The life of the 20th century’s most brilliant physicist and revelations of the qualities that have left Israel so indomitable and distinctive are the highlight of this week’s Newsmax Rising Bestsellers. There is also an offering of a former professional athlete and Fox News host on the myriad issues that are destroying America. Finally, there is the tale of the ladies who have been an immense contribution to America’s super-secret intelligence agency. And in fiction, there the novel fresh off the keyboard of an author who has turned the medical thriller genre into an art form.
“Manner of Death,” by Robin Cook (G.P. Putnam's Sons)
Robin Cook’s latest medical thriller brings back the characters Dr. Jack Stapleton and his wife, New York City Chief Medical Examiner Dr. Laurie Montgomery. In this, she casts doubt on the “manner of death” of a series of purported suicides that are actually homicides. In making that discovery, she uncovers a dangerous intersection of medicine and capitalism and unwittingly places her own life in jeopardy. “Readers are in competent hands regarding the medical information provided — the author is a retired ophthalmologic surgeon who ably showcases his knowledge about the workings of the medical examiner’s office, even providing detailed descriptions of the buildings,” wrote Laury Egan, reviewing for New York Journal of Books. “As he has done in all of his novels, Cook once again rings a warning bell to raise awareness for a new area at risk for potential abuse.” [Fiction]
“Einstein in Time and Space: A Life in 99 Particles,” by Samuel Graydon (Scribner)
British science journalist Samuel Graydon separates the myth of Albert Einstein from the man in an attempt to reveal his essence, to produce what he describes as “a mosaic biography.” In one interesting fact, Graydon writes that “Einstein’s finest work was all produced before he was famous, and for much of his early life he was a reasonably obscure figure. It took him nine years to secure an assistant professorship, and, even then, he wasn’t first choice for the job.” “Graydon is the science editor of England’s Times Literary Supplement, and his discussion of Einstein’s work is approachable for those of us who have limited scientific literacy,” wrote Roger Bishop in his BookPage review. “This engaging account of a legendary figure should be of interest to many.” [Nonfiction]
“The Genius of Israel: The Surprising Resilience of a Divided Nation in a Turbulent World,” by Dan Senor & Saul Singer (Avid Reader Press / Simon & Schuster)
Despite being surrounded by enemies and having had to fight for its security and mere existence from the beginning, the 9 million residents of this tiny nation have appeared immune to the societal ills plaguing other wealthy democracies such as substance abuse and suicide. While other nations suffer declining birth rates, Israel’s population is young, growing and has one of the world’s highest life expectancies. “The Genius of Israel” is the story of a diverse people — Jews, Christians, Muslims and the non-religious — “built around the values of service, solidarity, and belonging.” “This book is so much more than a survey of Israel. Senor and Singer shed light on the twin epidemics of despair and declining birth rates around the world and how Israel, with its unique culture is resistant to this malaise,” wrote Stuart Berman for GoodReads. “Despite being printed just prior to Oct. 7, readers will find the content more relevant today than ever. Today we see Israelis, Jews, secular and religious as well as Israeli Arabs more unified than ever.” [Nonfiction]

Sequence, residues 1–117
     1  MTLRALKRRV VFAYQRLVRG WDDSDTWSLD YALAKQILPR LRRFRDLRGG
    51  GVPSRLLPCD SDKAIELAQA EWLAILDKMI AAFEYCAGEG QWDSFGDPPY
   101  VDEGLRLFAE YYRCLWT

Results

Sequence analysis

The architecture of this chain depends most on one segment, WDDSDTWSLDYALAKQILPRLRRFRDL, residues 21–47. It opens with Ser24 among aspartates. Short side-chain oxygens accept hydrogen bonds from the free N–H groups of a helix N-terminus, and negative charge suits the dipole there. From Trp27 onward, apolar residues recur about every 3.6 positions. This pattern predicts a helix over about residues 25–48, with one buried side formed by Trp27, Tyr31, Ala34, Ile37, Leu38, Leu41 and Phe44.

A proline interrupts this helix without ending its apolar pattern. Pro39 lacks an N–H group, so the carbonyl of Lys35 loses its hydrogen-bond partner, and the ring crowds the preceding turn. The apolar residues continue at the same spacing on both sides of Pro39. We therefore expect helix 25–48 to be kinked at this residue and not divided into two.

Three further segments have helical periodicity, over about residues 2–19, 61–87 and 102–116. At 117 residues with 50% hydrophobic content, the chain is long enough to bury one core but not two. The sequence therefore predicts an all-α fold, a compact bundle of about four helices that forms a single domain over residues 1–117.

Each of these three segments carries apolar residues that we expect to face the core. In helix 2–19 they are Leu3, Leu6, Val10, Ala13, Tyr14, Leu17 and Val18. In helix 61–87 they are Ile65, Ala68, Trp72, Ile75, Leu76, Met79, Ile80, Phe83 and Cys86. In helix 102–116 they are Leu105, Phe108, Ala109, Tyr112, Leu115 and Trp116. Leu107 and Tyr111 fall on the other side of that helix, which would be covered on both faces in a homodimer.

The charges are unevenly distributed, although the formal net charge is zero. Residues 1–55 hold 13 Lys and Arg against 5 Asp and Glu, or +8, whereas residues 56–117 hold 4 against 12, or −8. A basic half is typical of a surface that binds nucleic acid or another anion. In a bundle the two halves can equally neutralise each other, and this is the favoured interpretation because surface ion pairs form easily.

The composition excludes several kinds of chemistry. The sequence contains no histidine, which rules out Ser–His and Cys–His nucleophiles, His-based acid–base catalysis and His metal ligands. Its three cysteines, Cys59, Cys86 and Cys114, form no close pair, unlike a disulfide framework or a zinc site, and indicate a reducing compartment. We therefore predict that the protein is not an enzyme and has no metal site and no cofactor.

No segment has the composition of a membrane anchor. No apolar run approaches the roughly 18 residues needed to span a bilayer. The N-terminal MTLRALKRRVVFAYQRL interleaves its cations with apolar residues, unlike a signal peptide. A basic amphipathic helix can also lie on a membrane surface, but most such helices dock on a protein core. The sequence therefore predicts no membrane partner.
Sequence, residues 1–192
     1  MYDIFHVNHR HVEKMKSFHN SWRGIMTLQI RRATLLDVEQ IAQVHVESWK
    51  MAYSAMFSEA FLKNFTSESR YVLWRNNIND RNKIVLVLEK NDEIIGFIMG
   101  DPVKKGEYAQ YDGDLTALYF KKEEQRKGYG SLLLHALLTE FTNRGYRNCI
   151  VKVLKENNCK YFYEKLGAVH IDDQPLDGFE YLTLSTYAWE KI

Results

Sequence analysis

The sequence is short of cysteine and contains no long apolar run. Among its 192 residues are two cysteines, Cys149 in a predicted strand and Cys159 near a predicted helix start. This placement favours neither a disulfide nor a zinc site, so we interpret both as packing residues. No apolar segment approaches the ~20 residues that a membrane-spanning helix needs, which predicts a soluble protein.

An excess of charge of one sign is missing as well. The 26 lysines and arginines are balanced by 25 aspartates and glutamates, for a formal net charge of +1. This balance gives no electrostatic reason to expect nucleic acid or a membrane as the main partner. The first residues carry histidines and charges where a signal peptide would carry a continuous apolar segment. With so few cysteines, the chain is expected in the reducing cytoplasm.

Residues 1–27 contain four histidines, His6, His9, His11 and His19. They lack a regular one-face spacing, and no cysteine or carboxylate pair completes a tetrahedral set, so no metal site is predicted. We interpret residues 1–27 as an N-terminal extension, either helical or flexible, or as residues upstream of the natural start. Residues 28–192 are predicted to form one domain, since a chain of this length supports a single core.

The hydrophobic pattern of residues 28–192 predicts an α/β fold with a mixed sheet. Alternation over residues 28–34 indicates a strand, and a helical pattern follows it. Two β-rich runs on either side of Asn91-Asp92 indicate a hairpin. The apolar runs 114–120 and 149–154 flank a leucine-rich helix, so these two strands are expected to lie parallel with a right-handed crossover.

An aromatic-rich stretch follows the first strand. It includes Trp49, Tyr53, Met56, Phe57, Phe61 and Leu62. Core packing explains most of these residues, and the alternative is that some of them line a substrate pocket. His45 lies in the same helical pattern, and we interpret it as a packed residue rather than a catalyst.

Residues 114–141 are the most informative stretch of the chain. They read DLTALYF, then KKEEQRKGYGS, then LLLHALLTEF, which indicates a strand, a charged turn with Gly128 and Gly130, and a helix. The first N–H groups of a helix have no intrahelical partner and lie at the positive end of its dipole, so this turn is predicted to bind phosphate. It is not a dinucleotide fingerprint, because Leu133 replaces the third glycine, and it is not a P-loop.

“Nuff Said,” by Tyrus (Post Hill Press)
With a forward by Fox News host Dana Perino and professional wrestling promoter Billy Corgan, “Nuff Said” details the views of the former wrestler and New York Times bestselling author (real name George Murdoch) on today’s issues that separate America into “us versus them.” “Tyrus remains one of the most distinct, original voices in any medium, if not one of the most brutally honest to enter the realm of television since Charles Krauthammer,” said Greg Gutfeld. And this sequel to his first book, “Just Tyrus,” he displays a voice of reason in an act of authentic storytelling. “A common sense, middle-of-the-road conservative, Tyrus expounds on some of the most controversial issues of the day: pronouns, transgender females playing women’s sports, social justice, artificial intelligence, the border crisis, junk food, climate change, and more,” wrote Cara Bristol for GoodReads. “This is a must read for anyone interested in current events and/or political issues—and fans of Tyrus.” [Nonfiction]
“The Sisterhood: The Secret History of Women at the CIA,” by Liza Mundy (Crown)
Liza Mundy, who previously wrote “Code Girls: The Untold Story of the American Women Code Breakers of World War II,” celebrates women’s role in intelligence again with “The Sisterhood.” This is the story of the women who fought to become active operatives during the three generations of the agency, and most recently proved their worth by locating the lair of Osama bin Laden. “‘The Sisterhood’ is a deep dive into the origins of women in the CIA and those who trailblazed a path to formulation of the CIA. The book begins in the 1940s with the women who worked during WW2 as support and as spies. The stories of women through the 1950s to present day are amazing. The book ends with how the women were significant contributors to finding Osama bin Laden,” said Deb K., an educator reviewing for NetGalley. “This was a very well researched and detailed book for those wanting to read about the women who worked in the shadows but emerged to make a difference. I found it a fascinating read.” [Nonfiction]
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